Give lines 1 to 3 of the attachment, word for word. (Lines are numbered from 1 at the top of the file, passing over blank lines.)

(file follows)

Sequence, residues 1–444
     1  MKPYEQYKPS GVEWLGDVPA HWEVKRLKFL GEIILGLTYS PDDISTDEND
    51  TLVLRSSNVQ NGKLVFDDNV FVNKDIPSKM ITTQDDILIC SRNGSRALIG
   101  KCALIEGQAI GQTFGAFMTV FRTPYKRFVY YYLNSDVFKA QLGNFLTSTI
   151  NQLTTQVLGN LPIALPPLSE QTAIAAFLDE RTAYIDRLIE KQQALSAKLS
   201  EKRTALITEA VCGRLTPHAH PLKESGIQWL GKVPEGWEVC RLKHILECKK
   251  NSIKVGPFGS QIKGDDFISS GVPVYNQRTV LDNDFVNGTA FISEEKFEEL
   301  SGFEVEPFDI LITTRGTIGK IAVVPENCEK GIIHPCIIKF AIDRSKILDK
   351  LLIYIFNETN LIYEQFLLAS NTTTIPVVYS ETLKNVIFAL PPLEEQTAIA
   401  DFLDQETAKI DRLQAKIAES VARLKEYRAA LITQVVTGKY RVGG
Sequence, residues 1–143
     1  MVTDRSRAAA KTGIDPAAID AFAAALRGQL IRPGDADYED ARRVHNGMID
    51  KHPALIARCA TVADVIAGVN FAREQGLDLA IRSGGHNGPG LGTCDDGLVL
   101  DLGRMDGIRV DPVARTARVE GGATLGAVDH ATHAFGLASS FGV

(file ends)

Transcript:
Sequence, residues 1–444
     1  MKPYEQYKPS GVEWLGDVPA HWEVKRLKFL GEIILGLTYS PDDISTDEND
    51  TLVLRSSNVQ NGKLVFDDNV FVNKDIPSKM ITTQDDILIC SRNGSRALIG